ICYMI: Elizabeth Warren is all-in on ending private health insurance

It’s late but I wanted to make sure everyone’s seen this, as chances are good that it’s the only soundbite from last night’s debate that’ll matter between now and Election Day 2020.

How many Democratic voters watching the debate got their first hard reality check about what “Medicare for All” really means from this Warren answer? Remember, misconceptions about the proposal are broad, with Democrats more ignorant about the truth than Republicans:

More than two-thirds of Dems are under the impression that “Medicare for All” is optional, that they’ll be able to choose between the new government program and the insurance they currently enjoy at work. That is … not the case. How do they think this fictional “optional” Medicare for All would be funded? They can’t possibly believe they’ll be exempt from the new federal taxes passed to pay for it if they choose to stick with employer-provided insurance.

Private insurance is going bye-bye under the Bernie-Warren plan. If you don’t like your new Medicare coverage or find the taxes simply too onerous, your “option” is expatriation.

How politically dangerous was this answer for her? Pretttttty dangerous, notes Philip Klein:

There are nearly 180 million people with private coverage they purchased on their own or through their employers, and every one of them would lose their plans under the one Warren just endorsed.

Thus, this is an incredibly risky strategy that may prove myopically tailored to her primary battle with Sanders. The truth is people with private coverage are overwhelmingly satisfied with their healthcare, and support for the vague concept of “Medicare for all” turns into significant opposition once people are told it would eliminate private insurance.

David Frum took a bigger-picture view of her answer and also sees risk. Dems like Warren and Sanders are proposing fantastically ambitious changes to how American households afford daily life. But is that really what Americans want right now?

It’s not just righties who think this was a major mistake. Various liberal commentators watched her deliver this answer and took to Twitter to wonder how a plan to flush private insurance down the toilet would play in the general election, when Warren’s target audience suddenly expands beyond Daily Kos readers.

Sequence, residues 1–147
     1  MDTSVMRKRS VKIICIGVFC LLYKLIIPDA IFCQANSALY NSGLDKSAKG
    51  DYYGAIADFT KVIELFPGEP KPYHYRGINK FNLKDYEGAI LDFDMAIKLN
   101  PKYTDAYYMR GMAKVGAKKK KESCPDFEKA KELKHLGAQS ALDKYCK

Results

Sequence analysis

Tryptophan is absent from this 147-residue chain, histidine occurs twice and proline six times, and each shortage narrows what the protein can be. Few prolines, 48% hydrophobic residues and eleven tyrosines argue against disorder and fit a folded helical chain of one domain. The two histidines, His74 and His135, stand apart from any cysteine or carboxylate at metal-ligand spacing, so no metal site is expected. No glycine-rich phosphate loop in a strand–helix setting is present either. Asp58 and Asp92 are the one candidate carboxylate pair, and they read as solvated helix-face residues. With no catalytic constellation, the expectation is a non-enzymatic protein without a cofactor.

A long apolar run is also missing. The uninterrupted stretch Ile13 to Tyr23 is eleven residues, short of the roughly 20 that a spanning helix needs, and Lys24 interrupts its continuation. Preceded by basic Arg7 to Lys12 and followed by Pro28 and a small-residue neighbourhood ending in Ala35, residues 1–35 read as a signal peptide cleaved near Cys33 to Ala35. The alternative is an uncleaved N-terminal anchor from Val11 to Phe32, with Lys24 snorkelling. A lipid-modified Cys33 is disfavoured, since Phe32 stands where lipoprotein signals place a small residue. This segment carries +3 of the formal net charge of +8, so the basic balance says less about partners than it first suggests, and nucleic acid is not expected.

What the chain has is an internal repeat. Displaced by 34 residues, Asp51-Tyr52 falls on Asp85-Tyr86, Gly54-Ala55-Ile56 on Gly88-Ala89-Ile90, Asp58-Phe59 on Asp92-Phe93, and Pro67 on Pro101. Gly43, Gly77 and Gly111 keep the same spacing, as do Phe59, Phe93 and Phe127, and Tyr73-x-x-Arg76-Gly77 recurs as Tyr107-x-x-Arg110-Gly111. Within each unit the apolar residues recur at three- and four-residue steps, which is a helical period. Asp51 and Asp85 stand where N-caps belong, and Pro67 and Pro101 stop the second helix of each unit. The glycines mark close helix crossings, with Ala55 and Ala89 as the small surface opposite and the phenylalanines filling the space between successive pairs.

I think she probably made the right strategic decision to back the plan full-throatedly given the two bad choices available to her, going all-in or hedging. Until now she’d been cagey, supporting Medicare for All but mumbling occasionally that maybe private insurance would have a (temporary) role. She knew, though, that the debates would force her to choose. If she continued to hedge or backed away entirely from MFA, progressives would slaughter her. The momentum she’s been enjoying in the polls thanks to lefties leaving Sanders’s orbit and entering hers would evaporate. That might be a price worth paying if Biden’s numbers had also faltered recently, putting the center in play, but Biden’s polling has been durable. Bernie’s has not. Warren decided, it seems, that the first step to the nomination is winning the progressive mini-primary by continuing to take votes from Sanders, and that starts with not being seen as wobbly on the left’s big health-care initiative.

As for what happens if she advances to a final-two showdown with Biden next year or to the general election against Trump, that’s a problem for another day. Maybe she’ll go back to hedging. Or maybe she’ll gamble that a utopian plan like MFA won’t be a major liability when contrasted with the fact that Republicans don’t have a plan at all. For now, though, all she needs to do is continue building her buzz on the left. Even if that comes at great risk to her standing as a potential “compromise” candidate between the left and the center-left majority.